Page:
According to Ex Military, war is hell, or at least Sacramento is. For Californians Death Grips, living in inner city America is a guerilla run'n'gun affair and its five members, led by founder Flatlander, drummer Zach Hill and the redoubtable MC Ride, are nothing if not combative. On this mixtape the quintet portray the state capital as both a fenced-in complex and a psycho-geographical battleground, with the emphasis on psycho. As MC Ride told The Quietus recently, 'what some people call "mental illness" can also be seen as a survival mentality to others'. Witness the return of urban angst to hip hop.
The tradition of army metaphors in American music is a healthy one. While TVoTR's 'DLZ' made reference to a militarized zone to describe life under the Bush administration, The Fugees' The Score followed a theme of displacement within an oppressive regime. Now, in a genre that rarely evokes a sense of place, the cold, raw and tense climes of Ex Military makes flesh that notion of the ghetto as a sleek totalitarian police state. Of course, that was almost the reality at the height of post LA riots California, and an idea played on by a host of gangster rappers, not least Ice-T who professed on Home Invasion to having “soldiers on the street willing to die”. The pumped up, ruinous and hi-tech production that forms this quite outrageous album is tuned to the pulse of an inescapable ghetto, a quarter-mile Hades characterized by vibrancy but governed by dog-eat-dog turmoil. Over which arches a glut of megalithic psyche-rock samples and the interior monologue of a megalomaniac with a mind like a bag of starving rats; the ghost of a disturbed marine who haunts the songs like an urban spook story. Think DMX meets The Candyman, an enforcer in a post-digital sequel to RZA's spirit-ridden Staten Island.
Beginning with a sample from nightmare angel of American counter-culture, Charles Mansun, the tone is set for something altogether malignant. A bare-bones masterstroke teetering on the brink of collapse, 'Guillotine' strikes much the same note of hallucinatory calm as the Do Lung Bridge scene in Apocalypse Now. Carried on sparse tinny beats and evil bass drops, it's the relative quiet underwriting MC Ride's bizarre ruminations that makes the single such a fresh prospect. Soon comes the quaking power-up sound which breaks over recitation of the title and lights you up like a cattle prod to the temples, before the track again reverts to spartan calm as if nothing happened, making the intervention all the more surreal. That it never quite unfurls to full calamitous pay-off adds to the air of contained insanity, and the track stands in sharp relief to the mayhem that follows. Although never quite as menacing, thereafter the album takes up a punishing momentum unmatched by any record this year.
With its tribal rhythms and militant overtones, the ultra-modern 'Lord Of The Game' sounds like the music African militias might make in 50 years, while the reggeaton-powered 'Thru The Walls' takes Outkast's 'B.O.B' and pulls it backward through a frenzied munitions factory, pitting Hill's ballistic drumming against air-horns, coruscating electronics and Ride at his most kinetic. Built around a riff sample from Black Flag’s 'Rise Above', 'Klink' deploys mallet-to-meat beats and layers of percussion before playing merry hell with the stereo balance on Ride's vocals, giving the impression of not one but three top-bunk psychopaths for your buck. Throughout this middle section the mixed-through tracks together form an intoxicating communique, while the debris-strewn production conjures a bombed-out aftermath. Though not the first hip-hop act to look to industrial for interesting ways of dealing with urban decay, Death Grips do throw the best party.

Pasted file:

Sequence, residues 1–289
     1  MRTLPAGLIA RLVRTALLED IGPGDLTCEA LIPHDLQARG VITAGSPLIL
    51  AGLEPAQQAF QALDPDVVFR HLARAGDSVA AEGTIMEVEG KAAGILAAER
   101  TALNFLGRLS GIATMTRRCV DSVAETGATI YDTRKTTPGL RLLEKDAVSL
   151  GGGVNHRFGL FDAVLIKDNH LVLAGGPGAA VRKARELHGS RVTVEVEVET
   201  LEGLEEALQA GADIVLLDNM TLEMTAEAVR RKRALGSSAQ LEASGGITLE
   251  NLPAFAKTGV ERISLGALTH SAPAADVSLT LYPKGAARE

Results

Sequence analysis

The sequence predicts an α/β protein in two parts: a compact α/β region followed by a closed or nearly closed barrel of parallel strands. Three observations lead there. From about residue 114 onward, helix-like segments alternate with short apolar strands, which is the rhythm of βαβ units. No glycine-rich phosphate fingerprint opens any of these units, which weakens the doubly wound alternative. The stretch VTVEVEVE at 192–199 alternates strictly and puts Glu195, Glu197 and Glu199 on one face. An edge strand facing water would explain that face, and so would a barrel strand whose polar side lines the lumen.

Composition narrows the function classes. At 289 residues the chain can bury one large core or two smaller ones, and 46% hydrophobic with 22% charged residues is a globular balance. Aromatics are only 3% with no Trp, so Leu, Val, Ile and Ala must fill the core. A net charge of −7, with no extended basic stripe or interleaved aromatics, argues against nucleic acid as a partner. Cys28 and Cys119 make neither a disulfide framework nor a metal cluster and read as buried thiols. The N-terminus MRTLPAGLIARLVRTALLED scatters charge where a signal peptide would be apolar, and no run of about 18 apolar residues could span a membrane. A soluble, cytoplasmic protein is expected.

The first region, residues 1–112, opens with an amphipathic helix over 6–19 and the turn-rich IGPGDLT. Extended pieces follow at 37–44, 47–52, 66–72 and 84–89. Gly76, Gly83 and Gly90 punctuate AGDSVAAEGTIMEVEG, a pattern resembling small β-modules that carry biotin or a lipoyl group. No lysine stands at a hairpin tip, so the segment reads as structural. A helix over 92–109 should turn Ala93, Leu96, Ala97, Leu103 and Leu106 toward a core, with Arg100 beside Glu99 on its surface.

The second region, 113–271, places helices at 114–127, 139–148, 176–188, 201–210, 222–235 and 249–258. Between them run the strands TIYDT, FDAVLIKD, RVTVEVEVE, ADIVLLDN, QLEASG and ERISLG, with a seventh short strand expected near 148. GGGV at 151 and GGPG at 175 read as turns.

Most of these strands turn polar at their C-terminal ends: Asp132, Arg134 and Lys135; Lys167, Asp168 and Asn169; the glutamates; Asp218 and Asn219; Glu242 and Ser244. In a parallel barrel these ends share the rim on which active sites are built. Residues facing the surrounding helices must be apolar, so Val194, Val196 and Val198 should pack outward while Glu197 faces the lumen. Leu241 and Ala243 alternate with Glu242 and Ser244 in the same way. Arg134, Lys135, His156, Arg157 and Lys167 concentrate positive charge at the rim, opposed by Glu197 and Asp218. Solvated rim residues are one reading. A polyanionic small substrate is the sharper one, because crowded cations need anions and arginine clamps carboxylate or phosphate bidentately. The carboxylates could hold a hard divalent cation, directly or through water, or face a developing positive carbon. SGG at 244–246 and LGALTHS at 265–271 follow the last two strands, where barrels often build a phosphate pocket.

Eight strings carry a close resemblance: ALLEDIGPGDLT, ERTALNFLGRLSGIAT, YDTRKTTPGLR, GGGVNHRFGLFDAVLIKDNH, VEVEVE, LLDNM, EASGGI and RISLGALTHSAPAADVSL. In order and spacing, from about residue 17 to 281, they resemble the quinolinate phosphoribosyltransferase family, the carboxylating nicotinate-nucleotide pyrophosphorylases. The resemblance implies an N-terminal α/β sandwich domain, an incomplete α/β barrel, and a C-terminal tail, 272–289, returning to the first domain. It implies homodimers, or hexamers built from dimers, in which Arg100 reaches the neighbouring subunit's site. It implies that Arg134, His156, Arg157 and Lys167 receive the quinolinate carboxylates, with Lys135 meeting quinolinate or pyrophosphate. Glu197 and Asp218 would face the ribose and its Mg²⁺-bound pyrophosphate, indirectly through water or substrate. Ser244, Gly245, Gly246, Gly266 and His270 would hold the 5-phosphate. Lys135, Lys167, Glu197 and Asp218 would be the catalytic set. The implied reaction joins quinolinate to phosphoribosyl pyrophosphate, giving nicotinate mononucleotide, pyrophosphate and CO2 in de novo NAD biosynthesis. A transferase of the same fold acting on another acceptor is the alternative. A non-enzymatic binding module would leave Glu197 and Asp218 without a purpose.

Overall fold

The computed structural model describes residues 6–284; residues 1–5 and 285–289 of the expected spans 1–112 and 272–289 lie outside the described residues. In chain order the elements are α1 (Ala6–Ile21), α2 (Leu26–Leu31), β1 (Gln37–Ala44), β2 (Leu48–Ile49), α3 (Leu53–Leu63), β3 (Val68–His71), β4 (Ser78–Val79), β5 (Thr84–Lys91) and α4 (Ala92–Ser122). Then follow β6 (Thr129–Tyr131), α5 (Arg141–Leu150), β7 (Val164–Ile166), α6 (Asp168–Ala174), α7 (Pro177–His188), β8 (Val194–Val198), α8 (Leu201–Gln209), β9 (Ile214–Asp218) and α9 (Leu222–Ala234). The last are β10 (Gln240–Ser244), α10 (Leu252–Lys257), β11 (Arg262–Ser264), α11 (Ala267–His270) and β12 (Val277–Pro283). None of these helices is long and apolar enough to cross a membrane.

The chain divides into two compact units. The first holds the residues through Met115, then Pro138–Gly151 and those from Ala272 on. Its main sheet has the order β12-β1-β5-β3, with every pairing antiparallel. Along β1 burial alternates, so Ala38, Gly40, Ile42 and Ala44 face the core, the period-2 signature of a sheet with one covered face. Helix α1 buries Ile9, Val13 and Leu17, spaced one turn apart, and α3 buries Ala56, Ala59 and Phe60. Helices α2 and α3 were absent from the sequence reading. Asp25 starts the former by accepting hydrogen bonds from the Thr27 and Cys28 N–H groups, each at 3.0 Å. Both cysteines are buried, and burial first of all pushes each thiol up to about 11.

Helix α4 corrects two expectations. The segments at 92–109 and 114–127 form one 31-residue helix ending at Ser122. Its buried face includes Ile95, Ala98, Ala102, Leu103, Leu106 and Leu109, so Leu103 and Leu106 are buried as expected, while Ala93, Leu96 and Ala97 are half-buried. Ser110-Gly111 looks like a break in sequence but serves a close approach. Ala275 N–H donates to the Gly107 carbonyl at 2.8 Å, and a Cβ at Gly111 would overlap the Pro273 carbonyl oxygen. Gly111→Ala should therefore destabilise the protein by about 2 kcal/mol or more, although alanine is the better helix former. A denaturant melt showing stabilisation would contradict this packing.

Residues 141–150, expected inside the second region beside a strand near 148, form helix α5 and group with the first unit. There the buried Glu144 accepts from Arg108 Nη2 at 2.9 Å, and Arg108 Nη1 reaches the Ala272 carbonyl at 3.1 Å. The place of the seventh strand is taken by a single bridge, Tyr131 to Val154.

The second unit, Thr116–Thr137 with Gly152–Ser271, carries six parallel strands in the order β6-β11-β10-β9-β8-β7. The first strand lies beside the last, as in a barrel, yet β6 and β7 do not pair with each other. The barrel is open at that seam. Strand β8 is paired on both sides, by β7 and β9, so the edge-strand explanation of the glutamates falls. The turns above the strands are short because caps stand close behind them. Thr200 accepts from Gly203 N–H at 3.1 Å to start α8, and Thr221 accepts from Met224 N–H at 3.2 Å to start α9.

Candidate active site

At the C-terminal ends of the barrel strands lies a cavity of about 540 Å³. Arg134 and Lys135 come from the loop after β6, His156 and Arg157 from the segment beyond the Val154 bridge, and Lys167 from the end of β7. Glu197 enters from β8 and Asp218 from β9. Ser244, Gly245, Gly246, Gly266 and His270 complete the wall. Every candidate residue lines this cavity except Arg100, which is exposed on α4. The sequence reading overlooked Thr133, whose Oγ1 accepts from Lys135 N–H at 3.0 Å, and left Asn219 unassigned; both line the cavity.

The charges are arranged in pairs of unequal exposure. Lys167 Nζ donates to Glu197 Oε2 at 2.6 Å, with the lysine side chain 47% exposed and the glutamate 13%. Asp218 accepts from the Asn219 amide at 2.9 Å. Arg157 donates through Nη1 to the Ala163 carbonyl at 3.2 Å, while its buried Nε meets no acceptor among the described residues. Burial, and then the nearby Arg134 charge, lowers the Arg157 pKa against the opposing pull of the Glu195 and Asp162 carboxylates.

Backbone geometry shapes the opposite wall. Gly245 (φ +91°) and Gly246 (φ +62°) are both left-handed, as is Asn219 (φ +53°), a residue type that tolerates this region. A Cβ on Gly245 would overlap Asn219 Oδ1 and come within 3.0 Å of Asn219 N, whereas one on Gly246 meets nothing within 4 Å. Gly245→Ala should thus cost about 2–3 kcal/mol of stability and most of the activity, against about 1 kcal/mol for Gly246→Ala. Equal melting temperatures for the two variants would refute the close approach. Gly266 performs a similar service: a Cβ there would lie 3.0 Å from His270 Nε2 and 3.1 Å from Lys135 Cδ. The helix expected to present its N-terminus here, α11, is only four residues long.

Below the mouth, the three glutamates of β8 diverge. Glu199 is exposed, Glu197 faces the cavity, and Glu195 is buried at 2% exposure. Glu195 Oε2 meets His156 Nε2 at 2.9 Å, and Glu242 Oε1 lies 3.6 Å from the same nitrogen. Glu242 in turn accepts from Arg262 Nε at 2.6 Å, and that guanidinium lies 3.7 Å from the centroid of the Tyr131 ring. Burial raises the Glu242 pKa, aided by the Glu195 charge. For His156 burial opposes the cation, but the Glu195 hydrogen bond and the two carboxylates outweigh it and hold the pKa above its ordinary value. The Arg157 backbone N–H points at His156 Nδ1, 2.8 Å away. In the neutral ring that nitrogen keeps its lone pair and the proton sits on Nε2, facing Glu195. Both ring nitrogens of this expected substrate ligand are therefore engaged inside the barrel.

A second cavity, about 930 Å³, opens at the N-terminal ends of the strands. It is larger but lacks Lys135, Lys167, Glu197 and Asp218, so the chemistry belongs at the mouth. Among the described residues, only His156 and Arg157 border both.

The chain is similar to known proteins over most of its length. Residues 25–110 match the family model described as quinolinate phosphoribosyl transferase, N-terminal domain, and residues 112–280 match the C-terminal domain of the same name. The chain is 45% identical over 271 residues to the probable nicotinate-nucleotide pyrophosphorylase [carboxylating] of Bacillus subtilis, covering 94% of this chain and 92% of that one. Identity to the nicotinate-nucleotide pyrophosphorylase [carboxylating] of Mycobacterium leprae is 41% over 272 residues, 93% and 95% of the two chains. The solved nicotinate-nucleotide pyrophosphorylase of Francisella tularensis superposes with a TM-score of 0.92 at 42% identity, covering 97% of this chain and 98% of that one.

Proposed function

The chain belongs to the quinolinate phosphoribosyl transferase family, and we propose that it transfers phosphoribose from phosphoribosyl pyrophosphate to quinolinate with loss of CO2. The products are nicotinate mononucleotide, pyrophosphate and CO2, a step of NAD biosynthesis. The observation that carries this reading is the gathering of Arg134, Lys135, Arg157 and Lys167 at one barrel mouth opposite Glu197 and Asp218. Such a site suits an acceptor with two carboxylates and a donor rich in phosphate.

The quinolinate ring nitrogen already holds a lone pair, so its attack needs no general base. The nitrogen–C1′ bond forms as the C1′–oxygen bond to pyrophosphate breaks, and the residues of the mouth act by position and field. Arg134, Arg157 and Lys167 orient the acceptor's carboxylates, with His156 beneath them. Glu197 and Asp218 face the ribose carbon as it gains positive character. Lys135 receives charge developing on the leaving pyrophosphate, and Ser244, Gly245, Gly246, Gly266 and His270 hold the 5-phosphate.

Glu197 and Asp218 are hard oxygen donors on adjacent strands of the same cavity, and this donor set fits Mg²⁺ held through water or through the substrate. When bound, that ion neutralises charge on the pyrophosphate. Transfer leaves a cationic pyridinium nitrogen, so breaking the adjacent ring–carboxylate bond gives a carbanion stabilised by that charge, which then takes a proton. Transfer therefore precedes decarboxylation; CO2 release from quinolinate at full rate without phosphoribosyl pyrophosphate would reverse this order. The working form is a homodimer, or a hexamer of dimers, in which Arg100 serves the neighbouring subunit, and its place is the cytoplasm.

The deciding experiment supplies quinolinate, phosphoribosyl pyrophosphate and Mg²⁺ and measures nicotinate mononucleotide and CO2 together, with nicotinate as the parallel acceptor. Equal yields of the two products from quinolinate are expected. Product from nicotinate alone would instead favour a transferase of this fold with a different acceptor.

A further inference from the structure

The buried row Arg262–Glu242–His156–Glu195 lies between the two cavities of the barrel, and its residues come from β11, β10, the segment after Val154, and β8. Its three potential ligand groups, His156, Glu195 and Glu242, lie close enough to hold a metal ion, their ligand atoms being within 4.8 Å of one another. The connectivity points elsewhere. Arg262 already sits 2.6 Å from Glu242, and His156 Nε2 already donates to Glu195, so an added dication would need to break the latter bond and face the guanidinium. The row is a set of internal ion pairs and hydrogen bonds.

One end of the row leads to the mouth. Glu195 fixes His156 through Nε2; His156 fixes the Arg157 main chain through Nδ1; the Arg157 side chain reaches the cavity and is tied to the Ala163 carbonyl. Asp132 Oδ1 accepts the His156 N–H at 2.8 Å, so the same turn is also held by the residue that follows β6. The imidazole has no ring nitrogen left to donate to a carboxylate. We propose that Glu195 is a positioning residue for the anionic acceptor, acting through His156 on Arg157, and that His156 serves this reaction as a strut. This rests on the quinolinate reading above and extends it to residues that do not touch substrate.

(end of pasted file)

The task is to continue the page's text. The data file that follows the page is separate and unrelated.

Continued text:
Elsewhere 'Spread Eagle Cross The Block' (swaggering and clattering) and 'Culture Shock' (slow and serpentine) keep the pressure high until a Pet Shop Boys sample segues into 'Known for It' - cosmic hip hop in the Neptunes vein but distorted by the Californians' bleak vision. They continue apace with 'Blood Creepin', which sports a juke framework corrupted by relentless crunk/punk vocals and a sulphuric climate. Finally, on the relatively more orderly 'I Want I Need It', Ride is able to stretch his legs. Taking centre stage, his oafish, staccato flow resembles that of a jarhead's brainwashed grunts to his drill sergeant, only the dialogue centres on matters of the occult, which by extension makes the drill sergeant, Ride's addressee, the Devil in all this. Then again, apparently the bearded rapper answers to no one. “I am the beast I worship” he announces on opener 'Beware'. Who are we to argue?
Without concession to either individual heroics or hip-hop's signature braggadocio, ego is relegated for a multi-tentacled offensive, its various strands climbing over each other in furious competition. The result is five parts of the one organism, one in service to all, much like a well-oiled army cell. What at first appears to be aggression is actually 100 per cent anguish, and the prevailing sense is that, like Black Flag, every ounce of that angst has been funnelled into edge, bone-crunching rigour and the sculpting of their largely unprecedented style into austere angles. Rotten to its core and coming apart at the seams, this debut lays waste to your nerves before strapping your adrenalised carcass to a runaway freight train. “This game is called survival" sang Joe Strummer “as in heaven, as in hell”. With the hit quotient of a best of compilation, the unflinching Ex Military offers a slice of both. At a price.
9John Calvert's Score